The OpenPGP card is a „smart card“ that is integrated with many OpenPGP functions.
The purpose of the card is to place your GPG cryptographic keys on it, and they cannot be extracted from there (meaning no one can steal them), but you can use them to sign/encrypt emails, textual files, etc.
Our Librem Key has an open PGP smart card integrated, for example.
Unfortunately, no. If you are worried about privacy, you can pay with bitcoin or monero.
We currently do not offer any payment plans.
For subscriptions, like Librem One or AweSIM, the only option available is Credit Card (via Stripe).
If you need any assistance or alternative options for payment, email payments(at)puri.sm for assistance.
Please note that for cryptocurrency or direct bank transfer it could take some time before we validate the payment.
When paying with credit card, make sure you enter billing address that matches the address on your credit card info!
If you want to change your payment option or you have issues with payments, send an email to payments department with your order number and/or payment details and await further instructions.
In case you have other questions, send an email to support.
You can review your order by loggin-in to our webshop interface and go to your Account page orders section.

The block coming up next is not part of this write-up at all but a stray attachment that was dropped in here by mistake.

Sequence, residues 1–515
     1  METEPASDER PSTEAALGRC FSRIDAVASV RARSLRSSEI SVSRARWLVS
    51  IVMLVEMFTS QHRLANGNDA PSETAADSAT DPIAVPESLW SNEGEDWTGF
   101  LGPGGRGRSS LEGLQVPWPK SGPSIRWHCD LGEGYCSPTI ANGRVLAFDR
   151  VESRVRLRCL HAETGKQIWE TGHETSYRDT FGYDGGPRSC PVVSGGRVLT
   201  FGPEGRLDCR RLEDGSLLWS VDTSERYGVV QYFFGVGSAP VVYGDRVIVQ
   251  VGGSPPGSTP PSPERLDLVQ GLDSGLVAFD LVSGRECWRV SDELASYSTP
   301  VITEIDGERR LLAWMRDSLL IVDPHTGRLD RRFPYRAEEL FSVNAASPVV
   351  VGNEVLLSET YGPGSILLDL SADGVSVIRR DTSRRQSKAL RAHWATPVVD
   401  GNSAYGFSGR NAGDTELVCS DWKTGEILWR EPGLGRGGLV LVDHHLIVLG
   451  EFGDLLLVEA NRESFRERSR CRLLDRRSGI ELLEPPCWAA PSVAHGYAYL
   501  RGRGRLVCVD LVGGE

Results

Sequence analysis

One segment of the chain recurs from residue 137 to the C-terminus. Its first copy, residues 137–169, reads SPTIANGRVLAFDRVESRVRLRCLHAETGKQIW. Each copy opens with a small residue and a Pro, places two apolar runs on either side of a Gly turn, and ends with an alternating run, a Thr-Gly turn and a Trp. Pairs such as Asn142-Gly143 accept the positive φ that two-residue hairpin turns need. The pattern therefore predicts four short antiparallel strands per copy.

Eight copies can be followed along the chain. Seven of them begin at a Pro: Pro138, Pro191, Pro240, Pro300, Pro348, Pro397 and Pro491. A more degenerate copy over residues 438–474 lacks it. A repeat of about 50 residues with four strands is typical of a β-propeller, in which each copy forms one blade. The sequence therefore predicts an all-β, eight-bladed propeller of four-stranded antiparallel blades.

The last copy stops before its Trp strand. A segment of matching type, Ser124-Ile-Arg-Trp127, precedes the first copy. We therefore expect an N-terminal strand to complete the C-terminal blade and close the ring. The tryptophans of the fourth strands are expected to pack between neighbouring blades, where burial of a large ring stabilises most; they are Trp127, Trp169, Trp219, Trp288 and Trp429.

Our products are available only on our online store.
We ship world wide, except to countries that are subject of trade sanctions imposed by USA.
International shipments may be subject to customs processing and additional charges. Purism is not responsible in any way to cover such costs. The customer is responsible for customs clearing/duties, and local taxation.
Customs policies vary from country to country, therefore you should contact your local customs office for more information. When customs clearance procedures are required, it can cause delays in arrival.
Continental USA: larger packages by FedEX Ground, smaller packages by USPS.
World-wide: larger packages by DHL, smaller packages USPS Priority Mail International.
NOTE: The above is just informative, we retain right to select other couriers based on our assessment or various factors that affect shipping.
You can also pay for something faster, leave a note when ordering and contact support with your order number.
On the day of shipping an automated email notification with tracking info will be sent to your email.